Part three was kind of a monster. I had a feeling it might be. But, you know, I am just doing what I am doing and sharing it with you. I’m the kind of hombre who likes to do his own research, and for better or worse, I have little respect for conventional wisdom. Unless, of course, it really is wise. More often than not, I’ve found, it’s anything but.
More important, trading is my craft and my profession. So I am perpetually going to try to become the best craftsman I can be. That’s just how I roll. Sometimes that means digging really deep into the minutia.
I don’t care if something is supposed to be done a certain way because, well, that’s just how it’s done. I only care about whether it really works or not. Even if it means openly challenging the status quo when I have good cause and have enough evidence to reasonably back my claims up. I think one should never be afraid to mix it up a bit for fear of… whatever.
Speaking of mixing it up, some time ago I had an idea. After I had been using the Acme Volume Breakdown for a while, pretty successfully I might add, I started to notice something:
On occasion, volume leads price.
Let that soak in a second. Here, let me try one more time. On occasion, volume leads price.
I know what you are saying to your screen right now: What. The. Hell?
No, it’s true. Sometimes, the Acme Volume Breakdown reverses direction before price itself. Most of the time, it’s only by one, two or maybe three bars. So I thought, why not use fractals to mark the the AVB turns? So I did.
Don’t believe it that it’s true (not that I used fractals… that the Acme Volume Breakdown reversals can lead price)?
If a picture is worth 1000 words, I am going to shut my pie hole and let the pictures say the rest. As usual, they are all large screen shots. You can download them and pixel peep all you want.
Here we see this situation several times during the August 16, 2011 ES RTH session:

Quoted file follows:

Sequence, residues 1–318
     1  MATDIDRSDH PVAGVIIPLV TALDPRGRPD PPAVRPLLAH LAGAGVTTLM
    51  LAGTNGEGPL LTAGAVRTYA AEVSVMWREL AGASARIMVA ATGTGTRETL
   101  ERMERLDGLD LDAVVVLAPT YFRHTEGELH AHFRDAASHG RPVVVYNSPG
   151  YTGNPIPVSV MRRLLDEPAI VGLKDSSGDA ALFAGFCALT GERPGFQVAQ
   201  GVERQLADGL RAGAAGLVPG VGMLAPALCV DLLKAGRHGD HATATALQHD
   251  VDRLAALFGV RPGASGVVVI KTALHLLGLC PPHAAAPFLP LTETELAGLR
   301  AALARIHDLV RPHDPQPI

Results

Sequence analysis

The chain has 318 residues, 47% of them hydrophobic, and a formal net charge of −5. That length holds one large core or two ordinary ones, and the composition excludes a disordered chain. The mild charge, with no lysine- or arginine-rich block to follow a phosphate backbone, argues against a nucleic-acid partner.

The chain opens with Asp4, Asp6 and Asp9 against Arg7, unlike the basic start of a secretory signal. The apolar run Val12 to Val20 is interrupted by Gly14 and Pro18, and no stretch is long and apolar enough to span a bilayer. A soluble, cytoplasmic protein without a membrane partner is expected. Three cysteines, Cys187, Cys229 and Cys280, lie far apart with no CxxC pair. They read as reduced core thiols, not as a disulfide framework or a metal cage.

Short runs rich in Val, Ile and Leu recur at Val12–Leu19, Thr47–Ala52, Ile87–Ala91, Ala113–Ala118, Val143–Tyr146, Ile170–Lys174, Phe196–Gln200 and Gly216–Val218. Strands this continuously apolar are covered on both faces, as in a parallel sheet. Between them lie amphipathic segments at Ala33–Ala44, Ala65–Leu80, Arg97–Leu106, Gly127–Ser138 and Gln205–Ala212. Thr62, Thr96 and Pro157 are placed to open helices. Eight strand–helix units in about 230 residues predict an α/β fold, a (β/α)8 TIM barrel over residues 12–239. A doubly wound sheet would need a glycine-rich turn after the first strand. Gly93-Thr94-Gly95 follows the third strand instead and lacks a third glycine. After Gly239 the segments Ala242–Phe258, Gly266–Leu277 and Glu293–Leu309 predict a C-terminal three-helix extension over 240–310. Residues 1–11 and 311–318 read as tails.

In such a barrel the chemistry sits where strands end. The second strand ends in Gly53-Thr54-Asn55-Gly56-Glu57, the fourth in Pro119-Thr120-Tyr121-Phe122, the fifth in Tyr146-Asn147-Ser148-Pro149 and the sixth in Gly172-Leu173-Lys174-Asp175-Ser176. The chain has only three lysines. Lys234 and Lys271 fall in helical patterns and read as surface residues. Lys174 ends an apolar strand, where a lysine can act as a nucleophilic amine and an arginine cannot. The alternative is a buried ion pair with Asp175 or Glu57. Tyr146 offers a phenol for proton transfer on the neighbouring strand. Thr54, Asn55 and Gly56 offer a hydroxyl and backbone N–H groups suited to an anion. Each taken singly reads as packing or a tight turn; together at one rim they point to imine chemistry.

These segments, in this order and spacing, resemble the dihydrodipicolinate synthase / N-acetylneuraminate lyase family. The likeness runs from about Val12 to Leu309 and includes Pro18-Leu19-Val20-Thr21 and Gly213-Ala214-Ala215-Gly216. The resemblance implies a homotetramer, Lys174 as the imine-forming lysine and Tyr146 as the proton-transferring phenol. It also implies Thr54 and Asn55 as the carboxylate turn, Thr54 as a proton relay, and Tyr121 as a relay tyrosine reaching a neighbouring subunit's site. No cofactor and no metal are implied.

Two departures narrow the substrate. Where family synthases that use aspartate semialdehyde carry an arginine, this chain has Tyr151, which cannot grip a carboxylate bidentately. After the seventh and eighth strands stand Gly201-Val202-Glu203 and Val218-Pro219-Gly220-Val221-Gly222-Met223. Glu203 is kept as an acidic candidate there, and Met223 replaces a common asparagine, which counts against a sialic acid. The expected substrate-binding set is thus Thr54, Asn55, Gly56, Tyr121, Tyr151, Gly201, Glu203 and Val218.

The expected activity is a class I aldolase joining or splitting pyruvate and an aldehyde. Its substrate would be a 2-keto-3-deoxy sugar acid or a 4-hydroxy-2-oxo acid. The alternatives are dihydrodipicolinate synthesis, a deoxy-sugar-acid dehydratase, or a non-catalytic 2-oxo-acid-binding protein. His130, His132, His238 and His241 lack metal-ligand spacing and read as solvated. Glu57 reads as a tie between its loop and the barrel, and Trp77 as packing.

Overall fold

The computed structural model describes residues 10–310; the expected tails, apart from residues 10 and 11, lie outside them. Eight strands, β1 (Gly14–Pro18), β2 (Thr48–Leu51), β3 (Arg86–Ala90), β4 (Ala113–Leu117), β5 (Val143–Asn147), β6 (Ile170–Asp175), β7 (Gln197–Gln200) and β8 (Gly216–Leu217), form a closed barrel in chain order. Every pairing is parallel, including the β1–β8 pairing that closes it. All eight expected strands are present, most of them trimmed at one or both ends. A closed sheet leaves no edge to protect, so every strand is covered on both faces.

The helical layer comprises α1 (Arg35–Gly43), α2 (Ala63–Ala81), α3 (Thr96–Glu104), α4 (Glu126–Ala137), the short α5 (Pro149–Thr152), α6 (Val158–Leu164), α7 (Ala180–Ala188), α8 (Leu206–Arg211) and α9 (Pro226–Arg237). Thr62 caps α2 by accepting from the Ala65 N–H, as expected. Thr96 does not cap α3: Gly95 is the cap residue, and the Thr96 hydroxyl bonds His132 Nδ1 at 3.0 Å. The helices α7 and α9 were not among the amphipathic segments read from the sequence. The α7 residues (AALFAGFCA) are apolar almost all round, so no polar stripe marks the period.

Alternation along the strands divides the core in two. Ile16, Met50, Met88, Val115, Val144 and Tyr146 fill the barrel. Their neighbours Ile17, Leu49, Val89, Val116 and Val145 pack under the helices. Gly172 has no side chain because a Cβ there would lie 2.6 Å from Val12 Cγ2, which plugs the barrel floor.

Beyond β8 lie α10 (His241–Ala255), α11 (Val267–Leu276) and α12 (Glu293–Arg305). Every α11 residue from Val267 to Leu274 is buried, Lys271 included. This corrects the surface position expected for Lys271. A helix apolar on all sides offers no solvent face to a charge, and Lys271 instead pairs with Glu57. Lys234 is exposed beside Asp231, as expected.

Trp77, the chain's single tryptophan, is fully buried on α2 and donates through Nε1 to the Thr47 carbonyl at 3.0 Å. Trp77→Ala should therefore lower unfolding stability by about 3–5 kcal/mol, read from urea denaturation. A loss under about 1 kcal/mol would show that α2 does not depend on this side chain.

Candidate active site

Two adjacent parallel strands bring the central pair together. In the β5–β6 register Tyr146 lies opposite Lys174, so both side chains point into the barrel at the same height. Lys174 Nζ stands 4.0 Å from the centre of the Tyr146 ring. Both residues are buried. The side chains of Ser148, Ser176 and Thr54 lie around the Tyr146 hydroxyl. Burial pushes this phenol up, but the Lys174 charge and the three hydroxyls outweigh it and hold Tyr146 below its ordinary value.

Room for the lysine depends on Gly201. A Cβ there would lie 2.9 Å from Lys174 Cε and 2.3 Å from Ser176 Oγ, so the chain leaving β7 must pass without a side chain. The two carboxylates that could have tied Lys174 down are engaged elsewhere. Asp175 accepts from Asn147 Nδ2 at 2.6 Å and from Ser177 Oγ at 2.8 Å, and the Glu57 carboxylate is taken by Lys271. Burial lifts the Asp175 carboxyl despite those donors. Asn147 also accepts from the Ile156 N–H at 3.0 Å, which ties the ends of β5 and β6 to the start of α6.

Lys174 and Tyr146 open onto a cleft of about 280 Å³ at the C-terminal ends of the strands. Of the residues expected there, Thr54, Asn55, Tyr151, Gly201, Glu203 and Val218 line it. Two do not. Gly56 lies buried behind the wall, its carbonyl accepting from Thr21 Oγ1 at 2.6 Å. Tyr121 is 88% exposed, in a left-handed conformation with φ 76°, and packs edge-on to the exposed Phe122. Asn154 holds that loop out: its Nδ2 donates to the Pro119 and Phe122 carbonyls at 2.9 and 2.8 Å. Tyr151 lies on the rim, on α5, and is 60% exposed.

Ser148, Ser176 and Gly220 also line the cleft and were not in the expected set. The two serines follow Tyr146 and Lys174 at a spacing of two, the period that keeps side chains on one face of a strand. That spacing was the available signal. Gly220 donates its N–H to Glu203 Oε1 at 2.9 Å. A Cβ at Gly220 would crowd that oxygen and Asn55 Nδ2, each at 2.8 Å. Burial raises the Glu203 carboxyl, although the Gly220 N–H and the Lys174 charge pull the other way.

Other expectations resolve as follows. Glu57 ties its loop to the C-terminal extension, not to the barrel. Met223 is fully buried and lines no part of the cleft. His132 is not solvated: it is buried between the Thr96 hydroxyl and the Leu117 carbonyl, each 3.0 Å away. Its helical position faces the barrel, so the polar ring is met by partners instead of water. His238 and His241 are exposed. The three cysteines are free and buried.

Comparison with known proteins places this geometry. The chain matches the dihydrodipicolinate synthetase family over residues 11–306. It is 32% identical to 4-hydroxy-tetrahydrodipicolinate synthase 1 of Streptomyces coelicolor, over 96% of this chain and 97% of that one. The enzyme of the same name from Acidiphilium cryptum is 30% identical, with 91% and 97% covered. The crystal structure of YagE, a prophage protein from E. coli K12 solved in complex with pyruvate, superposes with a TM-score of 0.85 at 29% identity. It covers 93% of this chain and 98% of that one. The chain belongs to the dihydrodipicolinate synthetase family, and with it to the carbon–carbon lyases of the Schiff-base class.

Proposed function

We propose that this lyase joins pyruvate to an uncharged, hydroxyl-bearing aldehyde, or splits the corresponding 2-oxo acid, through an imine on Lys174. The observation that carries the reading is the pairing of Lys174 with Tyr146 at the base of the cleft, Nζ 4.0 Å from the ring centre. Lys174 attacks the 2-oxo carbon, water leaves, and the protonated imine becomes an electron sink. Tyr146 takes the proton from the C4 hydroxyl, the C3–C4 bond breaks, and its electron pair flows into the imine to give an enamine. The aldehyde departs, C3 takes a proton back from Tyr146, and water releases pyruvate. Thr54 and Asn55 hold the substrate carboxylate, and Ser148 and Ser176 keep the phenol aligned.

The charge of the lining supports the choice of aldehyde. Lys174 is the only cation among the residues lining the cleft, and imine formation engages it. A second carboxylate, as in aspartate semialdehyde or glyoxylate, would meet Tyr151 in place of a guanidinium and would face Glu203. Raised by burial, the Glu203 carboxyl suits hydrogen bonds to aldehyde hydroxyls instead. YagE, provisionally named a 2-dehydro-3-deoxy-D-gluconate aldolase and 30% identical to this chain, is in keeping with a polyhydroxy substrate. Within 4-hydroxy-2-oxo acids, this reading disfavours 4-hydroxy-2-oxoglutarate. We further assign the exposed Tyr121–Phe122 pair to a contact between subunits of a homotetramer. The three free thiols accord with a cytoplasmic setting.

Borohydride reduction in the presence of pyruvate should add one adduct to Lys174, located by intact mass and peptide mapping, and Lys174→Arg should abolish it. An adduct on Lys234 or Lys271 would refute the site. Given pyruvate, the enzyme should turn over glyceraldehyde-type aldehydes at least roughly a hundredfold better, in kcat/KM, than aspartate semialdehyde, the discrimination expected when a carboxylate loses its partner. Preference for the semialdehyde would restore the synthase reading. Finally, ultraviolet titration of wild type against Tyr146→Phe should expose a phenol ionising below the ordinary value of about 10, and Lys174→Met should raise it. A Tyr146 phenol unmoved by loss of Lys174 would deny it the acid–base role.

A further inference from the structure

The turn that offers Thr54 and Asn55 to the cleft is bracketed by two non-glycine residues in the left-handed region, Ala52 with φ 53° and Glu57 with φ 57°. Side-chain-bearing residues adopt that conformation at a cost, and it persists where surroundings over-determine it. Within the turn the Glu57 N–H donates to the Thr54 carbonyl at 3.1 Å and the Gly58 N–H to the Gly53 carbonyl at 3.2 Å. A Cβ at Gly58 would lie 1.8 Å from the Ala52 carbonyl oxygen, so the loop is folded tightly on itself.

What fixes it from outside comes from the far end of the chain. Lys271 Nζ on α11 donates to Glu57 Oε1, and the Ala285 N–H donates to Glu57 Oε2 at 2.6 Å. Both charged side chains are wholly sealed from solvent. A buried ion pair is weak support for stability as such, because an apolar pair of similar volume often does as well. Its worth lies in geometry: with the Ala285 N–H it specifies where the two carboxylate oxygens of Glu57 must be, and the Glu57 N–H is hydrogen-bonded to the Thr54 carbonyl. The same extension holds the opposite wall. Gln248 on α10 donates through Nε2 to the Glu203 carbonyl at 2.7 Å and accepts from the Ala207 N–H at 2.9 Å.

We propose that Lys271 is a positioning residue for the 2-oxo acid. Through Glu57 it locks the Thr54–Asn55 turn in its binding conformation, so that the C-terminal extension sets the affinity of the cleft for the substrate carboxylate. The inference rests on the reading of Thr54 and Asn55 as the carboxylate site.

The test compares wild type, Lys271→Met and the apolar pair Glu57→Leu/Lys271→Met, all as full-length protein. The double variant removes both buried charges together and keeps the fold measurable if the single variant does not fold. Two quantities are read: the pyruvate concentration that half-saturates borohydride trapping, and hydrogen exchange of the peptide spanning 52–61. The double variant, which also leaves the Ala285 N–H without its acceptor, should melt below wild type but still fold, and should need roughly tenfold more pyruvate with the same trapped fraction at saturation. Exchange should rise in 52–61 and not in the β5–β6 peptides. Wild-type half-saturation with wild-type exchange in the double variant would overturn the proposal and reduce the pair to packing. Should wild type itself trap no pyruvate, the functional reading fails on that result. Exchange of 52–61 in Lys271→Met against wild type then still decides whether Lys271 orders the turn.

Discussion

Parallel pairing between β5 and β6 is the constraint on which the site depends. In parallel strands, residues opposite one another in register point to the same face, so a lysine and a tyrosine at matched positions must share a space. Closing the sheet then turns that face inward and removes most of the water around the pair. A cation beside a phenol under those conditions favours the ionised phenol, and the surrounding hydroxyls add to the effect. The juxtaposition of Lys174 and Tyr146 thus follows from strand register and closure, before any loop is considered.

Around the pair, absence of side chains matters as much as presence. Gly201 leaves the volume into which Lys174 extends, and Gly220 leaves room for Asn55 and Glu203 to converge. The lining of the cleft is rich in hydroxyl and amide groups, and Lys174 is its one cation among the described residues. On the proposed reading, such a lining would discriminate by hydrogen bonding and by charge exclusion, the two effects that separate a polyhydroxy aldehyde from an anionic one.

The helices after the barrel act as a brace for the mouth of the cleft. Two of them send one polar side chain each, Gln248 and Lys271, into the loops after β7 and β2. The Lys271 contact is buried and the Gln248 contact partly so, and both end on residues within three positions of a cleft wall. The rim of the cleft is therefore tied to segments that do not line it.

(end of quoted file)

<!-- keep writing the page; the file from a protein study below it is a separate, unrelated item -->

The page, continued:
… another 4 times during the August 19, 2011 ES RTH session:
… and a few more times during the August 30, 2011 ES RTH session:
So, again, whether you let the Acme Volume Breakdown (Deluxe Edition) fractals do the marking for you or you mark the peaks and valleys yourself, don’t ignore what volume is trying to tell you about the truthiness of the price action.
Trade ’em well, amigos.
NOTE: Want the back story? You can find the whole series here.
UPDATE: Understand that this is not a holy grail nor is this pattern the kind of thing that you can base a mechanical system on. Don’t try to catch every price swing based on fractals or anything else. That’s just a recipe for going broke.
Also, depending on your chart type and time frame, on occasion you will see “fractal shifts” when loading real-time vs historical data. These differences are a lot like rounding errors in decimal numbers, and are an artifact of how all charting software works. In fact, if you look at two 5 minute charts from 2 different platforms the candles will look a little different. But I digress…
When you do see the patterns above occurring, they ought to be considered confirmation only, not a call to any action. And certainly only pay attention when you are looking at real-time data. Besides, you can’t trade in the past anyway. Unless you have a time machine. If you do, please let me know. I want to invest.